The Bucks only attempted six three-pointers in the first 12 minutes, making three of them. They launched 14 over the next 12 minutes and were even more accurate, nailing eight of them. Not that they abandoned scoring at the rim; they continued to do that, seemingly at will, as well. At one point, Lopez grabbed the rebound of his own miss at the rim and, with literally his head and shoulders above the Heat’s 6’5″ Max Strus and 6’7″ Jimmy Butler, scored on the putback. Strus fouled him — not that Lopez seemed to notice until the referee blew his whistle — and the old-fashioned three-point play pushed the Bucks’ lead to 59-41.
The beatdown, though, had just begun. The Heat had their vaunted mid-range shots falling, but they were no match for the parade to the rim and three-point bombs from outside by the Bucks. The Milwaukee lead grew to as many as 32 and they walked into the locker room at halftime with an 81 — yes, 81! — 55 lead.
That the Bucks functioned as well as they did without Antetokounmpo shouldn’t be all that surprising. They were 11-8 in games during the regular season without him. Lopez, who finished second in Defensive Player of the Year voting, anchored their defensive backline alongside Giannis all season. Bobby Portis took up the slack on the boards and mean mugging, grabbing 15 rebounds and glaring at every and any Heat player that crossed his path. Jrue Holiday took care of the playmaking with 11 assists and Pat Connaughton came off the bench to cover for the Antetokounmpo high-efficiency scoring void with 8 of 12 shooting for 22 points.
Game 3, in Miami, is a full three days away, making it almost certain that Antetokounmpo will be back for it. You know, just in case they need him.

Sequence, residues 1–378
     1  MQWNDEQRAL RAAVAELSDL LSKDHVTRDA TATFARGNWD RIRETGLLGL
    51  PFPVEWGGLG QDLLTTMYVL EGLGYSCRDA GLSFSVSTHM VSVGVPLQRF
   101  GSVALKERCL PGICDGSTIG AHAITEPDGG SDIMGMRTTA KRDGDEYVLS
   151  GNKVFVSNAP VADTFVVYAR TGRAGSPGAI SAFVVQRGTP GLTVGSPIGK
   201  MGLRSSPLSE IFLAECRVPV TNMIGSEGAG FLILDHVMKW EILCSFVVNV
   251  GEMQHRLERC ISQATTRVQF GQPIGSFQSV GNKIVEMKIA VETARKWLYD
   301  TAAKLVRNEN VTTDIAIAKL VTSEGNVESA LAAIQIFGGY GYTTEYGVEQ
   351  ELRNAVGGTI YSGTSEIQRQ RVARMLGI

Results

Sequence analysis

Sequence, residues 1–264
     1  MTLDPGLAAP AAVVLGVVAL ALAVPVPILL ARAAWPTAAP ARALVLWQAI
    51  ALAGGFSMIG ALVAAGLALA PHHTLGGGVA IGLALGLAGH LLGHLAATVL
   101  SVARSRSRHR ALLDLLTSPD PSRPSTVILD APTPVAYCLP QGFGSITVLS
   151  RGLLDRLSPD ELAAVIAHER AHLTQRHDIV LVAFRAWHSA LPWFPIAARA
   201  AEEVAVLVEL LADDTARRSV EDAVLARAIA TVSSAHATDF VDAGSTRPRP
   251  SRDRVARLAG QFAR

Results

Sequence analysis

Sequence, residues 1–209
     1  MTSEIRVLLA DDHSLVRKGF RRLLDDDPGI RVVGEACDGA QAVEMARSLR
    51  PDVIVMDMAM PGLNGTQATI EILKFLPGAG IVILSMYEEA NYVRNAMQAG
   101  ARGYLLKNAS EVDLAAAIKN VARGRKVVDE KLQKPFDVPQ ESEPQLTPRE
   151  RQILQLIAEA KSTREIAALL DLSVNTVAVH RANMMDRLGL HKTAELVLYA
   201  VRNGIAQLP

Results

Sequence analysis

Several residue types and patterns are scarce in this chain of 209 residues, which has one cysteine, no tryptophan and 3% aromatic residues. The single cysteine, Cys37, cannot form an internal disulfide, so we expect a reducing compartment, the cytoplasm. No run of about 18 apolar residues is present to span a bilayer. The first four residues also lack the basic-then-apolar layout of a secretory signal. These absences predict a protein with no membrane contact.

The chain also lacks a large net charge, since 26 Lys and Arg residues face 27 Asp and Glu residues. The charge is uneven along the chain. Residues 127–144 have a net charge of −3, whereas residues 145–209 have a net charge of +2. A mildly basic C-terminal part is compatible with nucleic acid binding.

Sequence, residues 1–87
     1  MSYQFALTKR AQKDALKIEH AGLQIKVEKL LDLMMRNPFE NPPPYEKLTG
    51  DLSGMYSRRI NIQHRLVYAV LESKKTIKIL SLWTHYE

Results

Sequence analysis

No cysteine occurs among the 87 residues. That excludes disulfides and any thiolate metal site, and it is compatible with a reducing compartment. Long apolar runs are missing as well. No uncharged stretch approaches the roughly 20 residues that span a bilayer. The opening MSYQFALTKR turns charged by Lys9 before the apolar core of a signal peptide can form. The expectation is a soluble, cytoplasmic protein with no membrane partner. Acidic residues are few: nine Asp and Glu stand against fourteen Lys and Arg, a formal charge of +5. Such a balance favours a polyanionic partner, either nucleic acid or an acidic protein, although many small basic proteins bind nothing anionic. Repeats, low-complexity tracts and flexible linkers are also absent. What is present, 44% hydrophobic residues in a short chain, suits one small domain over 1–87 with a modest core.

— Ric Bucher
Nuggets 122, Timberwolves 113: Bubble Murray is back
He went through the 18-month road to recovery, working his way back from an ACL injury out of the spotlight to try to get back to the level that he was on as one of the stars of the NBA bubble back in 2020.
After a furious comeback by the Timberwolves in game two on Wednesday night, inside two minutes left in Denver, Jamal Murray stepped back and buried a dagger triple to extend the Nuggets’ lead to nine in the eventual 122-113 victory to take a 2-0 series lead on Minnesota.
Murray capped off the triple and beckoned to his sellout crowd to get loud with a mean mug, completing a 40-point master class on his home floor and showing in the playoff spotlight that he’s not only back, but is one of the leaders on a championship contender.
The way Wednesday evening began in Denver, it looked as though it would be as anticlimactic as game one with the Nuggets shooting 60% from the floor and leading by 15 at the half — after leading by 21 with less than five minutes left in the second quarter.
But the Timberwolves put together their best quarter of the series and showed that they’ll have a chance to cut the deficit in halfback on their home floor in game 3. How so? Because they have Anthony Edwards, who put up one of the best halves of the entire postseason in the final 24 minutes, posting 27 points on 10-of-15 from the floor. Simply put: Ant Man was incredible on Wednesday, and it’s wild to think he’s 21 years young.
He and Murray went shot-for-shot in the fourth quarter, becoming the second duo to score at least 40 points while hitting at least six 3s in a playoff game in NBA history. The other? Back in the bubble in 2020, when Murray outdueled Donovan Mitchell in game 6 of the first round series between the Nuggets and Jazz.